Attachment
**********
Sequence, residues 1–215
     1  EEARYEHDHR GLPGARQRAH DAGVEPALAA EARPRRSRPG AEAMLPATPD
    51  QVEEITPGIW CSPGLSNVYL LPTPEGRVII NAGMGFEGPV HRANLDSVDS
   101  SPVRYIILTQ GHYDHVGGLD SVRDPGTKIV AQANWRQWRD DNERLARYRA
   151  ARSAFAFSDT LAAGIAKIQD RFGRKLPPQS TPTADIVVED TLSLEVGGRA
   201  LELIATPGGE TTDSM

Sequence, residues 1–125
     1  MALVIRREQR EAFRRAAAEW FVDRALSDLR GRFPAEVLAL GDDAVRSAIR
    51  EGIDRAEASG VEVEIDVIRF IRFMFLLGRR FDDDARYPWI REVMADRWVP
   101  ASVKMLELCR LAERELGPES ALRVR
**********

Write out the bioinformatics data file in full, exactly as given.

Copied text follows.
Sequence, residues 1–215
     1  EEARYEHDHR GLPGARQRAH DAGVEPALAA EARPRRSRPG AEAMLPATPD
    51  QVEEITPGIW CSPGLSNVYL LPTPEGRVII NAGMGFEGPV HRANLDSVDS
   101  SPVRYIILTQ GHYDHVGGLD SVRDPGTKIV AQANWRQWRD DNERLARYRA
   151  ARSAFAFSDT LAAGIAKIQD RFGRKLPPQS TPTADIVVED TLSLEVGGRA
   201  LELIATPGGE TTDSM

Sequence, residues 1–125
     1  MALVIRREQR EAFRRAAAEW FVDRALSDLR GRFPAEVLAL GDDAVRSAIR
    51  EGIDRAEASG VEVEIDVIRF IRFMFLLGRR FDDDARYPWI REVMADRWVP
   101  ASVKMLELCR LAERELGPES ALRVR